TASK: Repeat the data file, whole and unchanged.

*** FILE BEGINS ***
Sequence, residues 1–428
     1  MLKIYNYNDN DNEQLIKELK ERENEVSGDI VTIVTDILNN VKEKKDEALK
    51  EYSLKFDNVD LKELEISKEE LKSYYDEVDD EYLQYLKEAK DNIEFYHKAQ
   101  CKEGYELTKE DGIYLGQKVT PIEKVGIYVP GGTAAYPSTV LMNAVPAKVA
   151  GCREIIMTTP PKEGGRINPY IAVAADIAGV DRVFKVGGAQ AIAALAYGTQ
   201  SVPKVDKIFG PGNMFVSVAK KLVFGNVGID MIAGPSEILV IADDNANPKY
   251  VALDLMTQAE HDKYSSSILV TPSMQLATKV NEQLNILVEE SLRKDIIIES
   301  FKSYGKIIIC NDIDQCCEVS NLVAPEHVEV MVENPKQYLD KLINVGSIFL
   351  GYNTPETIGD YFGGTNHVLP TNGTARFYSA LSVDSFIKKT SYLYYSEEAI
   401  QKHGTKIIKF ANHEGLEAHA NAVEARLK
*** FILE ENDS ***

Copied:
Sequence, residues 1–428
     1  MLKIYNYNDN DNEQLIKELK ERENEVSGDI VTIVTDILNN VKEKKDEALK
    51  EYSLKFDNVD LKELEISKEE LKSYYDEVDD EYLQYLKEAK DNIEFYHKAQ
   101  CKEGYELTKE DGIYLGQKVT PIEKVGIYVP GGTAAYPSTV LMNAVPAKVA
   151  GCREIIMTTP PKEGGRINPY IAVAADIAGV DRVFKVGGAQ AIAALAYGTQ
   201  SVPKVDKIFG PGNMFVSVAK KLVFGNVGID MIAGPSEILV IADDNANPKY
   251  VALDLMTQAE HDKYSSSILV TPSMQLATKV NEQLNILVEE SLRKDIIIES
   301  FKSYGKIIIC NDIDQCCEVS NLVAPEHVEV MVENPKQYLD KLINVGSIFL
   351  GYNTPETIGD YFGGTNHVLP TNGTARFYSA LSVDSFIKKT SYLYYSEEAI
   401  QKHGTKIIKF ANHEGLEAHA NAVEARLK